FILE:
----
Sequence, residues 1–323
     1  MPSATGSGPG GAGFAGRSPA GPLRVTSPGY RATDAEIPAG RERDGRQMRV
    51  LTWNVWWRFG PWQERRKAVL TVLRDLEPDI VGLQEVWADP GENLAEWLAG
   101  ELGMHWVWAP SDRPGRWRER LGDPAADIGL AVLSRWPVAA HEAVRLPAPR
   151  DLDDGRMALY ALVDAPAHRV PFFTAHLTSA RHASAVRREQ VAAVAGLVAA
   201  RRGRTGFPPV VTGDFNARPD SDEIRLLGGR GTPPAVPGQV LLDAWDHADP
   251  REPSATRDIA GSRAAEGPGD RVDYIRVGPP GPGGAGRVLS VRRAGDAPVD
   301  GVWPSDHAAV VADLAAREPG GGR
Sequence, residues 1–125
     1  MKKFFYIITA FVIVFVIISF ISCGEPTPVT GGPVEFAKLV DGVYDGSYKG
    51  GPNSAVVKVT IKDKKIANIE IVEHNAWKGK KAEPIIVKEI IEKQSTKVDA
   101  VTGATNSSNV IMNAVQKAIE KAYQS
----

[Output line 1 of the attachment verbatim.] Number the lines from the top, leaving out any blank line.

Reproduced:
Sequence, residues 1–323